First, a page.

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  12. scottyd

    scottyd Well-Known
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    This is going very well.
     

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  13. scottyd

    scottyd Well-Known
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    I ALMOST had all my parts..I short myself 3 wheel kits and the standoffs for the Z's stepper..plenty of everything else..
     

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  14. Joe Santarsiero

    Joe Santarsiero OB addict
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    That sucks. Can you rob 3 from somewhere else to get things up and running?

    Looking good Scotty.

    Joe
     
  15. scottyd

    scottyd Well-Known
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    Thank you sir! Yes, I robbed 3 off the z so I could get the others going. The z ones can be added last where as the others are kinda built around.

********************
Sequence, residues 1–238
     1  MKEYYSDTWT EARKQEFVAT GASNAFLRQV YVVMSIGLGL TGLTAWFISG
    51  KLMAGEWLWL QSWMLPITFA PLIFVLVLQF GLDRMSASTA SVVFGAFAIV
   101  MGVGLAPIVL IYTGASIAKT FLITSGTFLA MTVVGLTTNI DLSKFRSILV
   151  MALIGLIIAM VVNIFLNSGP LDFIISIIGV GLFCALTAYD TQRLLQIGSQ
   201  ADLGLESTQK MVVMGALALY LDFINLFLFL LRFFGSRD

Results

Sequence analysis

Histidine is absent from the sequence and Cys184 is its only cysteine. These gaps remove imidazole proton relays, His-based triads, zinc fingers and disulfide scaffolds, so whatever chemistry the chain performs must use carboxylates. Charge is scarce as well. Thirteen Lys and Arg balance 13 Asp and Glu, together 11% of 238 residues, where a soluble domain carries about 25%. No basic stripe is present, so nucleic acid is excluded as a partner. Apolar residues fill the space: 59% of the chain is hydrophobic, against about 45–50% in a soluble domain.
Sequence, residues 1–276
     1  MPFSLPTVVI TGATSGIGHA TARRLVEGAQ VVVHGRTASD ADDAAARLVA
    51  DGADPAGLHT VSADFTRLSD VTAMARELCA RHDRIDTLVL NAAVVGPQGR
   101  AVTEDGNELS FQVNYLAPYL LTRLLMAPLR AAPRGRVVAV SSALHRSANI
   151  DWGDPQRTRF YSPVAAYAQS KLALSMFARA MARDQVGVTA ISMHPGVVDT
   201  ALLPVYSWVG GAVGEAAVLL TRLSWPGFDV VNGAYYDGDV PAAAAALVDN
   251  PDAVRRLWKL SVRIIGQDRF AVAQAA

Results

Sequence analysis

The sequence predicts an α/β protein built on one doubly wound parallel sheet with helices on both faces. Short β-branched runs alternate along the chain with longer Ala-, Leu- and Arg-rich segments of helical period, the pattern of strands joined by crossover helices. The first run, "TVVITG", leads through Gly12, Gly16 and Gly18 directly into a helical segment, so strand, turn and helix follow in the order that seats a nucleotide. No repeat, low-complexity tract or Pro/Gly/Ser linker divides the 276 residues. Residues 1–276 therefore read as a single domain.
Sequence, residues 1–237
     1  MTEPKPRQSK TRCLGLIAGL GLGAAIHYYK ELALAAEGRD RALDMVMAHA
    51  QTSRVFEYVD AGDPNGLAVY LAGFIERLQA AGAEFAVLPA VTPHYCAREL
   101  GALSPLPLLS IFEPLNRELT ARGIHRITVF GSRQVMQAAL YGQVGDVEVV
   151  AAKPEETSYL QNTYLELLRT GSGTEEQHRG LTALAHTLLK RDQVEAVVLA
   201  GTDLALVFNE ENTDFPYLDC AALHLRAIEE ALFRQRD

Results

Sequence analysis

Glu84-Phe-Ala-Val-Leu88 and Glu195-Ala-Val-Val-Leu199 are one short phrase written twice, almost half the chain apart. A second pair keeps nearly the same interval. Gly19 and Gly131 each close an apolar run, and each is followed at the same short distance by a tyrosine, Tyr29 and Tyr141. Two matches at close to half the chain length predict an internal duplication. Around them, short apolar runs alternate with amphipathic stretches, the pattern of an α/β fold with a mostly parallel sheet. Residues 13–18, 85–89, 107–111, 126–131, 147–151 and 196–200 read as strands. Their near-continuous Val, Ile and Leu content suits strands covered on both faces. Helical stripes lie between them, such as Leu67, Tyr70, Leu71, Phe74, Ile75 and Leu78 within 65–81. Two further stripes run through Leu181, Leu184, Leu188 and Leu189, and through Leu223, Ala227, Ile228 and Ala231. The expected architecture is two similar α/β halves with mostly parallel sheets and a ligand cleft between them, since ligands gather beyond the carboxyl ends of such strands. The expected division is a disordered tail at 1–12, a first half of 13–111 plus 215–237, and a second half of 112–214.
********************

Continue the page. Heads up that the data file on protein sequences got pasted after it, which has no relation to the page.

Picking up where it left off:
16. Joe Santarsiero

    Joe Santarsiero OB addict
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    Yeah. It's probably easier to rip them from the Z. That way it's easier to adjust eccentrics by feel later on. Doing this you should be able to proceed with a bunch of other work while you're waiting on the post.
     
  17. scottyd

    scottyd Well-Known
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    Stopping point for tonight. :)
    P_20160424_213738.jpg
     
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  18. scottyd

    scottyd Well-Known
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    So this is my first build using these V wheels and eccentric style shims. I adjusted the Y axis last night using what info I could find on the web, the rails are spot on but movement seems a bit tighter than what it should be. Any tips for doing this, my touch my be a bit too heavy.
     
  19. Rick Williams

    Rick Williams Well-Known
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    I agree, their shipping department is out of control (in a good way)